As for the experiment, thank you! I'd expressed interest in the content a while back but we never got anywhere. Sadly, I can't read Dropbox here on break at the office so it will have to wait until I get home.

              You mention it is "extremely high in protein", which makes me wonder what's up with the boxed broth I use at home for making yellow rice; protein content is only about 4g / cup.

              M.

              M.

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              • #8
                Now I have had time to read the whole thing I can see that the experiments were conducted with rigour and a great deal of thought. Science at its best. I'll still be making bb but probably for the glycine and proline.
                Man seeks to change the foods available in nature to suit his tastes, thereby putting an end to the very essence of life contained in them.
                www.primaljoy.co.uk

                Comment


                • #9
                  This is awesome. I've seen questions over and over again about the nutritional content of bone broth. It's nice to have some answers. Thanks for sharing.

                  Comment


                  • #10
                    I actually just started an n=1 experiment with broth right now. Earlier this year, (March-May) I was really on top of making broth and I was making a lot of soup because it was still pretty cold here. During this time, I actually grew more hair. Not just, oh the quality of my hair improved, but there were more individual hairs and they were growing FAST! At the time I couldn't figure out what was causing it. You would think it should have been super obvious but I had just moved and a lot of things in my life had changed. There were so many variables.

                    Then, in about June or July I think, it quit. I was taking a shower and TONS of hair was coming out. I had abnormally high shedding for a couple days and then, poof, back to where I was before. It was really depressing. I tried everything, I had changed conditioners when I moved so I thought playing with that might help, no, then I remembered I had been eating a lot of oranges during that time so maybe it was vitamin C, no, that hasn't helped. I don't know why it took me so long to think of the broth, I quit making soups in summer because it was so hot. It is the last thing I can think of that could have been causing it. So I am going into full blown broth mode now and we'll see what happens.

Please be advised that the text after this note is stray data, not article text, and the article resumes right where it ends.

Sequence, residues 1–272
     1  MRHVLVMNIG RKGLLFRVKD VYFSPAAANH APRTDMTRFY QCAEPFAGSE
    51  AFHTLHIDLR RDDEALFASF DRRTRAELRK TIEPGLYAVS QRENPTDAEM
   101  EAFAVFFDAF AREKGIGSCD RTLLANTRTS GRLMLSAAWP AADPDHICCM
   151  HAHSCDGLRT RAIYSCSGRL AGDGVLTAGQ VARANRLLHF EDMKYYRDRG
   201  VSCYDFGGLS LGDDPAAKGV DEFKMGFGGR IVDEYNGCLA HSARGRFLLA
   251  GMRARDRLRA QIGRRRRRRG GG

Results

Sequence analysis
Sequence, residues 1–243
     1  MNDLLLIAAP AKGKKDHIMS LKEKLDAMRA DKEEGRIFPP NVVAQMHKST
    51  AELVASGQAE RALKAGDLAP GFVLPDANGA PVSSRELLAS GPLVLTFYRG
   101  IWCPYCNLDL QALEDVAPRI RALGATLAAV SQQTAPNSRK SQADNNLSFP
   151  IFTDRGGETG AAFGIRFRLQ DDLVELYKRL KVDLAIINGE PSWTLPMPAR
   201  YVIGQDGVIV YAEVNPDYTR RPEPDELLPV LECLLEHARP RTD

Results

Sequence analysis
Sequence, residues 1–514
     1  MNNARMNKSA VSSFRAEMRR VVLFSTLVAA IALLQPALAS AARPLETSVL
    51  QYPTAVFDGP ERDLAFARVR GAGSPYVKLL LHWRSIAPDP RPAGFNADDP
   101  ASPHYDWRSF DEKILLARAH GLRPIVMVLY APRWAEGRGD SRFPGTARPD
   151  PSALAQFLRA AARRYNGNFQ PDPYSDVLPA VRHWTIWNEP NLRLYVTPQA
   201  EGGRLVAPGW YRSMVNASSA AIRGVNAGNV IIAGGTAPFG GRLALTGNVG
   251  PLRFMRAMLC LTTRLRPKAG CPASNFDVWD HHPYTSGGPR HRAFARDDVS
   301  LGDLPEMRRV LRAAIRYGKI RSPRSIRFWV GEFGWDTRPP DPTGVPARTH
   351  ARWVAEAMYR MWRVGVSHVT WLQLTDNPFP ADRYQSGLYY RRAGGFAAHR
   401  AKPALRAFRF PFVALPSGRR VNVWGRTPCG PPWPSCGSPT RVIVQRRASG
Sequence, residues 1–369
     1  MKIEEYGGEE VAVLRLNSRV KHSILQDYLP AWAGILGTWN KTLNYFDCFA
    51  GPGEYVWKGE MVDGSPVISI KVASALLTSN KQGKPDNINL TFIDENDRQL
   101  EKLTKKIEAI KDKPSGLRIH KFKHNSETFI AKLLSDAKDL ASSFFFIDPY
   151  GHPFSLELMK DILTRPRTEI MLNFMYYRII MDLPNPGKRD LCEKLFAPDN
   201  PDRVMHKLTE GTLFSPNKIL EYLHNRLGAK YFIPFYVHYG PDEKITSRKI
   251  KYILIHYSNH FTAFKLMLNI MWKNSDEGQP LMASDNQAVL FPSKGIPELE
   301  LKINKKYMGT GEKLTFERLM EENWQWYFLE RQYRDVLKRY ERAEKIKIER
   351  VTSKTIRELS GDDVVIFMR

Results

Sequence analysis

You are an animal on this planet and the rules of engagement are non negotiable.

                    Comment


                    • #11
                      Originally posted by eats.meats.west View Post
                      Perhaps the best post on this forum I've ever read!!!
                      It mirrors my frustration with the lack of information on something that is so widely hyped without a real source of data to back it up. I applaud you for doing this.

                      Next up maybe you can tackle the Phytate hysteria that makes me feel guilty eating an Almond. Another of the poorly backed up bits of science floating around.
                      Thanks eats.meats.west!
                      I really hoped someone out there would appreciate it as much as me.
                      I would really love to do a similar experiment with phytates, though I'm not sure how feasible it would be. i.e. I'm not sure the lab I've been dealing with offers such testing, and if so at what cost. Worth looking into...

                      Comment


                      • #12
                        Phytate has already been studied

                        Phytic acid added to white-wheat bread inhibits fractional apparent magnesium absorption in humans
                        Conclusion: The results show that fractional magnesium absorption from white-wheat bread is significantly impaired by the addition of phytic acid, in a dose-dependent manner, at amounts similar to those naturally present in whole-meal and brown bread.
                        My opinions and some justification

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                        • #13
                          So if the real benefit of bone broth is the protein is supplementing with gelatin just as good?
                          Life is death. We all take turns. It's sacred to eat during our turn and be eaten when our turn is over. RichMahogany.

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                          • #14
                            [QUOTE=FrenchFry;1558106]Good effort, can serve as data points for those who want data. I wonder how much you would get from pressure-cooking (which is what I do at home, to save time and EL).[/
                            QUOTE]

                            I believe it was yesterday's post about using a pressure cooker. Mark does.
                            Female back to the basics: 5-2017
                            CW: 2017: 150
                            GW: 130 a dream, I know
                            Muscle soreness surrounding Neck, Thyroid and Rosacea issues.

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                            • #15
                              [QUOTE=perennialpam;1558587]
                              Originally posted by FrenchFry View Post
                              Good effort, can serve as data points for those who want data. I wonder how much you would get from pressure-cooking (which is what I do at home, to save time and EL).[/
                              QUOTE]

                              I believe it was yesterday's post about using a pressure cooker. Mark does.
                              As stated in my article, I used a 12psi pressure cooker for all of my broth samples. It is all I ever use when making bone broth. As FrenchFry states, it saves time and electricity, but I also find the quality of the broth better than when done in a regular pot.